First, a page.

Forgive me, but I’m late for the party, or in this case, the wake. Like many of you, I’ve lost a much-admired celebrity.
My wife came with crying eyes and told me Robin Williams had died. I didn’t react much at the time, and I was puzzled by that.
Where was my celebrity grief?
I’d been a fan since before TV’s “Mork & Mindy,” when Williams appeared as his Mork character for an episode of “Happy Days.”
I’d pulled for him in early, overlooked movies like “Moscow on the Hudson” and “Survivors,” and I enjoyed his success in “Aladdin,” “Good Morning, Vietnam” and “Good Will Hunting.”
But there was only one movie to watch the day he died: “The Fisher King.”
I’ve owned a copy on VHS for nearly two decades, but I’ve been afraid to watch it because the VHS player ate the last tape we tried.
It was Netflix to the rescue. With a few clicks on a screen, I was transported to New York City in June, when greed was so very good.
“The Fisher King” is by far my favorite Williams movie. It’s also my favorite Jeff Bridges movie and my favorite Amanda Plummer movie. I would say it’s my favorite Mercedes Ruehl movie, except it’s the only one I can think of.
I have an overall appreciation for the madness Terry Gilliam made with Monty Python, and I’ve been entertained by his directorial work on “Time Bandits,” “The Adventures of Baron Munchausen” and others, but nothing compares to “The Fisher King.”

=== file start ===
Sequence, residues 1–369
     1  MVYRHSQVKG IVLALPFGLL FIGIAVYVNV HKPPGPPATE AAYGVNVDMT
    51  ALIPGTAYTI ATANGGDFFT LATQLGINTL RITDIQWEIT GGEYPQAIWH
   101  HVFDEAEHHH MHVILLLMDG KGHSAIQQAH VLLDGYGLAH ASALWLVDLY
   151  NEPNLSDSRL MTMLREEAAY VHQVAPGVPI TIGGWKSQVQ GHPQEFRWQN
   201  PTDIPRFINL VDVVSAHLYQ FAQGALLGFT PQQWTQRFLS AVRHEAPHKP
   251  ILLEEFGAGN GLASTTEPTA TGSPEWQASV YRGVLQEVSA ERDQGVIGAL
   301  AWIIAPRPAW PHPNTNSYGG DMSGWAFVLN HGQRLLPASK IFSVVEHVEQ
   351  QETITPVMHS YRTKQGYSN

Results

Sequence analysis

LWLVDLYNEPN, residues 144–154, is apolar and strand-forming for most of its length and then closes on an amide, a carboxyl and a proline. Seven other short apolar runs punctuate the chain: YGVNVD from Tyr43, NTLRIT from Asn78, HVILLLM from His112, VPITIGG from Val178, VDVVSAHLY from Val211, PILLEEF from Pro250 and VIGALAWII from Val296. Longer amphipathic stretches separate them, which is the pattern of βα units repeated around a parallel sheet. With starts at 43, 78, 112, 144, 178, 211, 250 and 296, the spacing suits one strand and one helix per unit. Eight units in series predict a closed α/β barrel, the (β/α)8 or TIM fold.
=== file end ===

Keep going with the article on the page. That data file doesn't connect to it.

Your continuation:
Bridges plays Jack, a self-centered, radio “shock jock” who unwittingly badgers a meek guy into unleashing a shooting spree at an upscale eatery. Williams is Parry, who loses his mind and the love of his life in the shooting.
A year later, the bungled and botched pair battle the Red Knight and their own inner demons, while also chasing after the Holy Grail on the Upper East Side.
Sounds gut-wrenching, doesn’t it?
It’s also kind and sweet – lyrical – and it builds to a powerfully redemptive moment that hit me hard the day Williams died.
“The Fisher King” always makes me want to be a better person.
The feeling passes somewhat quickly, because it’s only a movie, after all.
But for a minute or two, I pierce the veil to see the underlying beauty and goodness that are always there, if often obscured by fear and pain.
After watching that night, I ordered a copy of the screenplay. It wasn’t the same as sending flowers to Williams’ family, but they don’t need to be bothered by me anyway.
I also went ahead and bought a DVD copy, just to have it ready for the next time I have to face down a Red Knight, or when someone I know is thirsty and in need of a cool drink.
So long, Robin Williams. Thanks for the metaphors.
M. Scott Morris is a Daily Journal feature writer. Contact him at (662) 678-1589 or email@example.com.